Counting Down to an Extinction

On Exhibit posts

Mark Siddall, curator of the new exhibition Countdown to Zero, explains why the Guinea worm’s extinction would bring about tremendous social benefits.

The life cycle of a Guinea worm, Dracunculus medinensis, is deviously simple. 

Guinea Worm Specimens

The Guinea worm (Dracunculus medinensis) is a type of nematode or roundworm. The samples here were drawn out of patients in Africa and saved for the purposes of research.

© AMNH/D. Finnin


Cool water teems with life, much of it microscopic crustaceans; this is normal, and typically without consequences. But sometimes, resident water fleas host larvae of a rapacious, fiery serpent. When ingested, the water flea hosts dissolve in stomach acid, allowing the larval worms to move through the human body, where they mature and mate. 

Washing at Kuse Dam

A woman does her washing near a dam in the country now known as South Sudan. Nearby, a sign cautions against entering the water while infected with Guinea worm.

© The Carter Center/L. Gubb


As the females of the next generation grow, they pack their own bodies with live young. During this period, the victim suffers no immediate symptoms. A year later, the 3-foot-long mother awakens deep in her host’s leg. She rises to the surface and induces a blister on her victim’s skin that is so fierce, and of such searing agony, that the afflicted seek relief in the coolness of water.

Here, the mother dumps her offspring, completing the life cycle for another generation. The Guinea worm has repeated this process for hundreds of thousands of years. 


The Guinea worm can only reproduce at the expense of those it infects. Adult worms only infect humans, while the larvae only invade water fleas. It is also the only human parasite that must cause pain in order to successfully reproduce.

In addition to deeply wounding and torturing its victims for weeks on end, dracunculiasis is a disease of starvation. It leaves families in affected areas incapacitated and unable to reap the crops they have sown. 

Extracting a Guinea worm

Extracting a Guinea worm is a slow and painful process. Some historians believe the medical symbol known 
as the Staff of Asclepius was inspired by the age-old method of Guinea worm extraction.

© The Carter Center/L. Gubb


There is no vaccine for Guinea worm, and there are no drugs that can cure those who are infected. The pest once afflicted hundreds of millions of people from Gambia to India. But the worm is now gone from Guinea, and from almost everywhere else. At last count (2014), there were only 126 people infected, down from an estimated 3.5 million in 1986. Of the remaining cases, 70 are in South Sudan.

We know these numbers with precision because of a campaign that former President Jimmy Carter began leading in 1986 to destroy the worm. That community-driven process, coordinated by The Carter Center and executed by the South Sudan Ministry of Health, village volunteers, and trained technical advisors, is driving the parasite out of its last remaining human hosts. Each person known to be infected with the worm, along with every village in which outbreaks have occurred or are occurring, is tracked.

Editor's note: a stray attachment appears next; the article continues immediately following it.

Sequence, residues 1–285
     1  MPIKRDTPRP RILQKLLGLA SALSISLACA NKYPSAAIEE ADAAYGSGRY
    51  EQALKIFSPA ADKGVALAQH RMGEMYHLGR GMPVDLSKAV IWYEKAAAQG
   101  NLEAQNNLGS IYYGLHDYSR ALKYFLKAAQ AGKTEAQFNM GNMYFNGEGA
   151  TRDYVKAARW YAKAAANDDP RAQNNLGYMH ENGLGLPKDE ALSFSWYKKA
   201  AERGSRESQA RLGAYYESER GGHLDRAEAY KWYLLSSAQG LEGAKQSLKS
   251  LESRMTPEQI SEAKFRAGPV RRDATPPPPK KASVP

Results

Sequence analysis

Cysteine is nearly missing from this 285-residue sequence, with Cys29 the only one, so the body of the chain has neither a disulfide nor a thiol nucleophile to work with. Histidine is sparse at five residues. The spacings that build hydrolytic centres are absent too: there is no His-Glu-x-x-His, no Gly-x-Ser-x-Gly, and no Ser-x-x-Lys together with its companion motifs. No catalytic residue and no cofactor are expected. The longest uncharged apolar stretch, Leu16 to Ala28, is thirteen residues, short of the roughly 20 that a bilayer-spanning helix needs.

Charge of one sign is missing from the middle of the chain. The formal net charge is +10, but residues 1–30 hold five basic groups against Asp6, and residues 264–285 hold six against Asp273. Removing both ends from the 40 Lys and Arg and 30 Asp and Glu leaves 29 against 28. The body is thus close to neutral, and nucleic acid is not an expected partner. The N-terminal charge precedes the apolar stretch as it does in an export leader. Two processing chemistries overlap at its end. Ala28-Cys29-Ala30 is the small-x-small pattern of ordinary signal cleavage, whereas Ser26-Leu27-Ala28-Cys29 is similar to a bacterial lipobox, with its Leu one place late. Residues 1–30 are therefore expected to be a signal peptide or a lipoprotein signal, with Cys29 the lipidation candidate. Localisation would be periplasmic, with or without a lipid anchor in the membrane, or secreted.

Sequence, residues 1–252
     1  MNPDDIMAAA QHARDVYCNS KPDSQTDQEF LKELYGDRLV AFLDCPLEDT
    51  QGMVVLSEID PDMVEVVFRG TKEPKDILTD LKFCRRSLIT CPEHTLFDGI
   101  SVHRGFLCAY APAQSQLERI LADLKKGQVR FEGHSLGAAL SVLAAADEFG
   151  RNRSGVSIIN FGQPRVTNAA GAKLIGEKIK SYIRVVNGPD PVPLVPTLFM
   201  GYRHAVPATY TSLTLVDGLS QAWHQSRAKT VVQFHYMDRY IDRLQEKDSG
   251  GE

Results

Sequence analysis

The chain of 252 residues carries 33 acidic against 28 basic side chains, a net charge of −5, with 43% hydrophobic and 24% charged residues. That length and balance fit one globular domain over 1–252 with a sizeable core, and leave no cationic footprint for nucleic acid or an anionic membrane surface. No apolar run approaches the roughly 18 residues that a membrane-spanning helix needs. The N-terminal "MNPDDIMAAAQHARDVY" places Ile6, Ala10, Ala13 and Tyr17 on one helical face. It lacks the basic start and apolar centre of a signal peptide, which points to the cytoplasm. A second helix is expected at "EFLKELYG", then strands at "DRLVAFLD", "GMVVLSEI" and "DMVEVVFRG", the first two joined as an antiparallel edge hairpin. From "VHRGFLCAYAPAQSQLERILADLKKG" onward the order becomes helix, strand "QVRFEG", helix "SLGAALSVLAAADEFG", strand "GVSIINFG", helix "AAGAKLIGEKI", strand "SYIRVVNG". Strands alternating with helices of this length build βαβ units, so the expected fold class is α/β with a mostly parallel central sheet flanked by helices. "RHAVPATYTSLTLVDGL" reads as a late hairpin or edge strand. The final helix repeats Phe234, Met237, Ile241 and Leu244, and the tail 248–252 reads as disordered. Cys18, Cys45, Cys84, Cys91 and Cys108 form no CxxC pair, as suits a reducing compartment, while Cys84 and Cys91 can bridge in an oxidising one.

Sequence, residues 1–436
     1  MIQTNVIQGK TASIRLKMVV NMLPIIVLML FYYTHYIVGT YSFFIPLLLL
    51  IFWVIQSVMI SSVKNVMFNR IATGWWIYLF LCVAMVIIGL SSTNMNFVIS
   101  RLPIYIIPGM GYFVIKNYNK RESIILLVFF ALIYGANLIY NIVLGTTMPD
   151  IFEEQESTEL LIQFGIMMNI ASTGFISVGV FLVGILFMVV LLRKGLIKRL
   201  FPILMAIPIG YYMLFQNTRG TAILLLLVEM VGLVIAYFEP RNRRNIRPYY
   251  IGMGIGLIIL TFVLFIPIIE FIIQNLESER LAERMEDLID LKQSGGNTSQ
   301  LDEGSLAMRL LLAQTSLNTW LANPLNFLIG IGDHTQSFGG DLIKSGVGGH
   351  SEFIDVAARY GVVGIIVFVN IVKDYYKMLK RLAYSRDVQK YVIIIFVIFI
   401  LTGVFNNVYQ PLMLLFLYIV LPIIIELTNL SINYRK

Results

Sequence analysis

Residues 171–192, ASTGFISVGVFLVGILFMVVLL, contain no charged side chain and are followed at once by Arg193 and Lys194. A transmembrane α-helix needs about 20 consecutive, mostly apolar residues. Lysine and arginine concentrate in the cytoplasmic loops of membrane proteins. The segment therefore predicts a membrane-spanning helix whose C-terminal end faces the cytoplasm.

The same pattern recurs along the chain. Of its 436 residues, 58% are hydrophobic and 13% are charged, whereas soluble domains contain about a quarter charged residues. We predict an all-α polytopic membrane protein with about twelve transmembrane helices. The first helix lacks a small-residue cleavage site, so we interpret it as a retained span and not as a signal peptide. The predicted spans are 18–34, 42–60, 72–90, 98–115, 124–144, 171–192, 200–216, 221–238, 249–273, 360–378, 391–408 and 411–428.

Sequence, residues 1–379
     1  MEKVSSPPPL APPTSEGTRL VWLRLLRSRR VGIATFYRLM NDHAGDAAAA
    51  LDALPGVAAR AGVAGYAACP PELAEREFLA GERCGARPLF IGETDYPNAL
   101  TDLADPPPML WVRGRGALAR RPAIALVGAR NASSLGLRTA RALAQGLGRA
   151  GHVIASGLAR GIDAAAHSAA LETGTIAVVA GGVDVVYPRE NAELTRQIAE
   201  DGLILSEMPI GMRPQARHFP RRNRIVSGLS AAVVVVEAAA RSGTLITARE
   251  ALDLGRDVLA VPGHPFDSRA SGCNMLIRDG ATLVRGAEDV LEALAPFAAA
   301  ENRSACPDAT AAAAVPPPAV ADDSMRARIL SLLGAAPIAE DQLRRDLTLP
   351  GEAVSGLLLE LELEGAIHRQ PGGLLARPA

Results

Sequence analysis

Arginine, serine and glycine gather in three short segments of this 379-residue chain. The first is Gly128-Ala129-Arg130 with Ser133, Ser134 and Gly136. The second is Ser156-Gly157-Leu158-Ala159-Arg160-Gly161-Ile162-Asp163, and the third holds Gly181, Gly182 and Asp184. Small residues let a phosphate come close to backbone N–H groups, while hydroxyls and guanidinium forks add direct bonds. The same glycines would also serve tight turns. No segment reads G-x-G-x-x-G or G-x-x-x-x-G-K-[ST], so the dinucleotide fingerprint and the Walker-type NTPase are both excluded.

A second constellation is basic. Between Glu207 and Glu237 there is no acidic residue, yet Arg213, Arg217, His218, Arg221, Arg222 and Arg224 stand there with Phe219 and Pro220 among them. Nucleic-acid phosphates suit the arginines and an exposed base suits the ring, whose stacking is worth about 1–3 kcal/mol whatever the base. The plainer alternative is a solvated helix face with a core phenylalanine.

Countdown to Zero_comic book

An educational comic book captures the attention
of Guinea worm patients Sadia Mesuna (right) and Fatawu Yakubu at a case containment center in Ghana.

© The Carter Center/L. Gubb


Intervention is multi-pronged: the infected are voluntarily quarantined, since patients with emergent worms must be kept away from water sources; containment-care facilities welcome not just the victims but their dependents, too; local education programs focus on water filtration.

Sudan Pipe Filter

A small piece of steel mesh inside a plastic drinking tube offers a low-tech way to filter water on the go, preventing the small crustaceans that carry Guinea worm larvae from being consumed.

© The Carter Center/L. Gubb


Many years ago, when I was beginning a career in parasitology, I was told about the “parasitologists’ dilemma,” a spin on the Malthusian catastrophe. The premise was that, should parasitologists actually manage to eradicate infectious diseases caused by parasites, we’d be morally responsible for thrusting millions of people into the inevitable conflict and poverty that would result from population growth and increased pressures on a limited food supply. 

Flip Book C2Z

Flip books, painted signs like this one from Ghana, and wall murals have helped encourage safe practices and interventions—especially in areas where few people can read.

© AMNH/D. Finnin


But in every place where the Guinea worm has been eliminated, the very opposite is true. Just a couple of decades ago, Ghana and Mauritania had thousands of cases. Now, both countries are free not only of Guinea worm but, increasingly, of the shackles of extreme poverty: per capita G.D.P. has tripled, the number of people living on less than a dollar a day has been halved, and the birth rate has plummeted. This, obviously, is the result of many factors besides Guinea worms. But I can say this: so much for Malthus. 

Most conservation efforts, like those for spotted owls and pandas, are proxies for threatened ecosystems, or seek to preserve “keystone species,” like sharks. Few focus on the despised and downtrodden species that crawl beneath our feet. As a leech expert, “save the maggots” has always been my rallying cry, but let no one mourn this extinction.

Mark Siddall is a curator in the Division of Invertebrate Zoology and curator of the exhibition Countdown to Zero: Defeating Disease, now on view in the Akeley Gallery.

This essay is adapted from a story in the Winter 2015 issue of Rotunda, the Member magazine, and was originally published in The New Yorker’s Elements blog as “An Extinction to Celebrate.”